One of the patterns I bought last year was the Honeydew Hoodie. I haven’t got to make it yet, so I’m making it a priority this year. It should be another quicker make, and is super cute.
Finally, I’ve left myself a wildcard again to let me choose something during the year that takes my fancy. I’m sure there will be other projects too. I would really like to wear some jersey dresses again so it might have to be another amber dress if it’s while I’m still breastfeeding. I have suitable fabrics in my stash for lots of these, so I’m hoping to use those first before buying anything new.
Last year I found it really helpful to think about which of my makes hit the mark, and which were less successful with my hits and misses, so I thought I would have another go this year too. I think most of my sewing has been fairly successful this year, though I have just done a wardrobe clear out, and a few handmade clothes did get the axe, so its certainly not perfect yet.
So here we go:
Top 5 Hits
Amber tops and Dress
I practically lived in my Amber tops during the last part of my pregnancy when it was hot and my bump was huge. Even since then, I must wear one at least 2-3 times a week because they are one of my most practical options for feeding in too. I particularly love my Amber dress because I think it looks fairly stylish and is so easy to just throw on, and my Amber hack layering tee also gets a lot of wear under shirts at the moment. I think the reason they have been so successful is because they suit my lifestyle as it is right now, not how I might wish it was. They are also made in good quality cotton jersey, so they have survived lots of washing and grabbing straight back out of the laundry pile!
This is another item of clothing that regularly gets taken straight from the clean washing pile to be put back on. When I first made it I wasn’t sure about the style on me and this was really intended as a wearable toile. However, the oversized nature of it has definitely been growing on me, and I love how easy it is to throw on. I would love to make another (possibly multiples) as again it fits my lifestyle right now really well.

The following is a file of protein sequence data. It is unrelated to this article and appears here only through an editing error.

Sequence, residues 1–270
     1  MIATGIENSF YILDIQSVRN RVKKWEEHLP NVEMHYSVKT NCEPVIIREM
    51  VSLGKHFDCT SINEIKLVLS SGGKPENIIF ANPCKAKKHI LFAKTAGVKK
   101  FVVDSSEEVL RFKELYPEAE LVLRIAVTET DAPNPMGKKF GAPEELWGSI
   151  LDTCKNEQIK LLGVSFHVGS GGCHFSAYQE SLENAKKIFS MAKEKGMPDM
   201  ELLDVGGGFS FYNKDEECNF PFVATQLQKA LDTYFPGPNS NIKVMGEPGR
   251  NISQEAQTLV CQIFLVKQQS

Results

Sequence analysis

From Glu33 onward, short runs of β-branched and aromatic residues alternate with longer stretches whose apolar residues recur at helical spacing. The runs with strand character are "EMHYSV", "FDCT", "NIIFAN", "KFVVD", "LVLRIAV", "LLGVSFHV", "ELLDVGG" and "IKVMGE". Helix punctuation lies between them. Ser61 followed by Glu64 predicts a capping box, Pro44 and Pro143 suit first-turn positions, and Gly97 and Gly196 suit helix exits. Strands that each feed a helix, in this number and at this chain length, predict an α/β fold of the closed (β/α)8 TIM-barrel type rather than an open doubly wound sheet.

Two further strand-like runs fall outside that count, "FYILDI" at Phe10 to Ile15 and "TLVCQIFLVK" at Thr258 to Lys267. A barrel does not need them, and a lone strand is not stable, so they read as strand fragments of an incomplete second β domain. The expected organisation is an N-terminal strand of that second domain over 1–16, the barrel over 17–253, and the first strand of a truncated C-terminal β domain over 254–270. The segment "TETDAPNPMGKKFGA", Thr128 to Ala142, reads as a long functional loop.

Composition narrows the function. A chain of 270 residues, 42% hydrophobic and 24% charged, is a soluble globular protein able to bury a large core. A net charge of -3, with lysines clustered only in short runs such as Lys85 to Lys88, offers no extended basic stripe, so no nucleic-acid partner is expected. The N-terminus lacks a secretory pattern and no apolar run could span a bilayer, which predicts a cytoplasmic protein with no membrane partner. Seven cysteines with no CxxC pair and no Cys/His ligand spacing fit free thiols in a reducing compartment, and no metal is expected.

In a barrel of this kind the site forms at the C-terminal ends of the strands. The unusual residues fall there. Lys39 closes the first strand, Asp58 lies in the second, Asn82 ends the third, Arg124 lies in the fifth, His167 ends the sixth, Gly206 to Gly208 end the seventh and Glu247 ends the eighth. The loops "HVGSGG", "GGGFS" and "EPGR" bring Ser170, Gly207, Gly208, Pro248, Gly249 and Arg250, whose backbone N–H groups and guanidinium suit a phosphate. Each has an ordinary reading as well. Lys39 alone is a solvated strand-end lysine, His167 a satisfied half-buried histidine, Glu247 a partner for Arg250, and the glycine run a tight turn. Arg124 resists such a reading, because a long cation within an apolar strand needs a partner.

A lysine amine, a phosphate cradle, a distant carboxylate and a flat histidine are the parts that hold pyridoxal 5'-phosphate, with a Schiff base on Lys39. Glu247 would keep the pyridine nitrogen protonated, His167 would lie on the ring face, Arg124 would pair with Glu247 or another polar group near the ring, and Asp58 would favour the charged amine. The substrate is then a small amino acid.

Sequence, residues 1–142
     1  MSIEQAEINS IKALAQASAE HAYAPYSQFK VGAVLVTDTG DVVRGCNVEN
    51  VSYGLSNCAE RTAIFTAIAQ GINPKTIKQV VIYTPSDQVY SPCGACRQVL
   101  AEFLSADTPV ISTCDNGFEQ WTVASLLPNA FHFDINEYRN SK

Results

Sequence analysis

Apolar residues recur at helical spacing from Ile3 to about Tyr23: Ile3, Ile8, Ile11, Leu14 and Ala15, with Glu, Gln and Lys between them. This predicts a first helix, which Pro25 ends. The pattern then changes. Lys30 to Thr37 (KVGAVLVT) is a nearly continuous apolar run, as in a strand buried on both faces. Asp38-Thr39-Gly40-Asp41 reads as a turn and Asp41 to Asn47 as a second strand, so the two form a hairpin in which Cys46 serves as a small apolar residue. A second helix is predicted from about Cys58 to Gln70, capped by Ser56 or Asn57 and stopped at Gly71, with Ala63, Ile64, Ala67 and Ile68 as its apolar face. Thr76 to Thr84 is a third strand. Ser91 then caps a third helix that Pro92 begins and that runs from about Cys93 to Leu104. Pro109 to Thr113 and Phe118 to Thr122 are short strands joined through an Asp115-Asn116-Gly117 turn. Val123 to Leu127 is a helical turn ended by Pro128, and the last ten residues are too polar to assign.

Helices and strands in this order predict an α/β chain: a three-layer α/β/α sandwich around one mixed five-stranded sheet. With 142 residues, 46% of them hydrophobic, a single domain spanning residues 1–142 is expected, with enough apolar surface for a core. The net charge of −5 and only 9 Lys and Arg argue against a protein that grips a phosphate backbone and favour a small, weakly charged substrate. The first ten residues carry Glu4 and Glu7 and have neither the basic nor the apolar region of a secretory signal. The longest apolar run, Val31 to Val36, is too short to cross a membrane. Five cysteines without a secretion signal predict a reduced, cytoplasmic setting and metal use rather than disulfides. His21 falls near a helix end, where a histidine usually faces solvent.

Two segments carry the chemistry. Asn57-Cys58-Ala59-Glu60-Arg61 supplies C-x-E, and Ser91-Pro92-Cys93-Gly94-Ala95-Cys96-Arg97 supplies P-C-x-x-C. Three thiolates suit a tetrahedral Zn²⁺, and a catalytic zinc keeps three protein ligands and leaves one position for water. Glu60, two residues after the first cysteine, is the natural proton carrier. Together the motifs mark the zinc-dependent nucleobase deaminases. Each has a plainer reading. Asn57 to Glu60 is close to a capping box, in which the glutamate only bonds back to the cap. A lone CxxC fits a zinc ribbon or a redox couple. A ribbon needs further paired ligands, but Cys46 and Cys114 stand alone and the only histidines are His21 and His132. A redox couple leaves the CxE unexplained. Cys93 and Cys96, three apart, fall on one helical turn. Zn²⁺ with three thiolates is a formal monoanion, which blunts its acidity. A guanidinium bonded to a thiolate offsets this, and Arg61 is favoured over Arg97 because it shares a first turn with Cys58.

Modified Toaster Sweater
I made this Toaster sweater right at the start of the year with some very special Atelier Brunette fabric. I’m pleased that I used this very special fabric in something which is comfortable and practical. I love that it fits over my Archer shirts, and the crew neck is more practical with a collar. I’m even really pleased with my decision to go for contrasting gold topstitching.
Ultimate Wrap Dress
This dress is another make that I love because I tweaked the pattern to create what I actually wanted. I hacked the sleeve into a little flutter sleeve, modified the cross-over to be a little higher and added an empire line seam to make it fit over the bump. I have worn it a bit since the arrival of baby too, though I think it might now need re-hemming to take out some of the extra length that I added to the front. I’m looking forward to being able to wear it again next summer.
I have made a mountain of these tops for Toby and as gifts, and I’m sure there will be more. I particularly like hacking them to have poppers at the neckline while he is small, but the pattern goes up to ages 5-6, so I’m sure I will make more as he grows. It’s a free pattern too, so what’s not to love!
There were a couple of other patterns that I would have included, but I thought it might be cheating to include patterns that made it onto last year’s successes like the Mens Metro Tee and Grainline Archer because I knew before I got started that I would love them! I also thought that perhaps I couldn’t include the skirt that I am currently sewing, even though I’m pretty sure it will be a hit because I haven’t actually worn it yet! Another that came close was the Dandelion Dungarees because they have seen a lot of wear in the last few months and the popper hack definitely worked there too. I think the things that I have included demonstrate that I’m getting more confident at hacking patterns to get what I actually want from them, not just putting up with the parts that don’t work for me.
Top 5 Misses
Considering how much I love my Oslo cardigan, it seems a little strange that I’m not such a big fan of the Kinder Cardigan which is pretty similar. I think it is down to a couple of issues, one being that the pattern is possibly even a little more oversized than Oslo. The other being that the Ponte I made it in is definitely more structured so it ‘feels’ bigger. I did like some of the construction methods, and the pockets though, so I’m tempted to adopt some of these for my next Oslo cardigan attempt.
Technically this was made in 2017, but I was never really going to wear it until this year. I’m not sure if it is just because it is such a large expanse of single colour, but I didn’t really hit it off with this Blossom dress. I love the fabric, and the Anna Top that I squeezed out of the offcuts, but the dress hardly got worn. It probably doesn’t help that it looked a bit strange before I had a big enough bump, and by the time my bump was bigger the weather was warming up. This hasn’t survived a recent wardrobe clear out because it looks ridiculous again without a baby bump. Perhaps it would have been better as a top.